Royal Navy successfully test fires Martlet missile

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The UK’s Royal Navy has successfully test fired Thales’ Lightweight Multirole Missile, the Martlet, from a 30mm automatic gun on board a Type 23 frigate.

The Martlet is intended to be used against static targets, vehicles, fast attack craft and drones. Thales originally developed the missile for use by the Royal Navy’s Wildcat helicopters, but the lightweight missile system has also been modified for use by drones, ground vehicles and naval craft.

The Royal Navy tested four Martlet missiles from the HMS Sutherland in the Irish Sea off the coast of Wales earlier this month. The target was  a fast inshore attack craft tearing across the water.

For the tests, engineers first proved that the gun could still fire accurately with the missile fitted – 120 rounds obliterated a large red ‘killer tomato’ target – and that Martlet’s sensors could track its radio-controlled foe at ranges of up to 5km.

A missile was then fired to test the effect of the Martlet blasting off from its launcher on the gun mounting and the side of Sutherland – the missile accelerates to one and a half times the speed of sound in an instant. Three missiles were also fired equipped with telemetry to measure the missile’s accuracy. Ordinarily the weapon carries a 3kg warhead.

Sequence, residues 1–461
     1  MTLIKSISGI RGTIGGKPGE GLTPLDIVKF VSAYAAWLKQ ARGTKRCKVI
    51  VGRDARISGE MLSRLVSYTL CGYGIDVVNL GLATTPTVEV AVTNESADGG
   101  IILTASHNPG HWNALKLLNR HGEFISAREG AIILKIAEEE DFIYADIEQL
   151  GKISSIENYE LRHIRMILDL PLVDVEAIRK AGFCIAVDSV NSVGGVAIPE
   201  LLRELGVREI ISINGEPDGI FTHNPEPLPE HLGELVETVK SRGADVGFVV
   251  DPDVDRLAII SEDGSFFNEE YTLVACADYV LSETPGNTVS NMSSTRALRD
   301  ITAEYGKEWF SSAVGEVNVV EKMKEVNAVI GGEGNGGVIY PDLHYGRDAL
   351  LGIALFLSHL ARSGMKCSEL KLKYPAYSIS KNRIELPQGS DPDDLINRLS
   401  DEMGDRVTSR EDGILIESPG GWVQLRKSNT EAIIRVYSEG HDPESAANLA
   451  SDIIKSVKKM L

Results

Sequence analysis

The testing was recorded by high resolution cameras so a team from Thales and military scientists could analyze the effects in minute detail.

“The current defence against fast inshore attack craft, the 30mm gun, is highly effective for closer range engagements,” said lieutenant commander George Blakeman, HMS Sutherland’s weapon engineer officer.

“By adding the missile to the gun mount it is anticipated it will extend the reach of the ship’s defensive systems – key to successful defence against fast craft using swarm attack tactics.

The frigate’s commanding officer, commander Tom Weaver said, “The impressive result of this trial was achieved through the hard work and cooperation of a wide array of industry and defence partners and it was rewarding for Sutherland to have played such a key role in its success.”

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Ben has worked all of his career as a journalist and now editor, covering almost all aspects of technology, engineering and industry. In the last 16 years he has written on subjects from nuclear submarines and autonomous cars to future design and manufacturing technologies and commercial aviation. Latterly editor of a leading engineering magazine, he brings an eye for a great story and lots of experience to the team.

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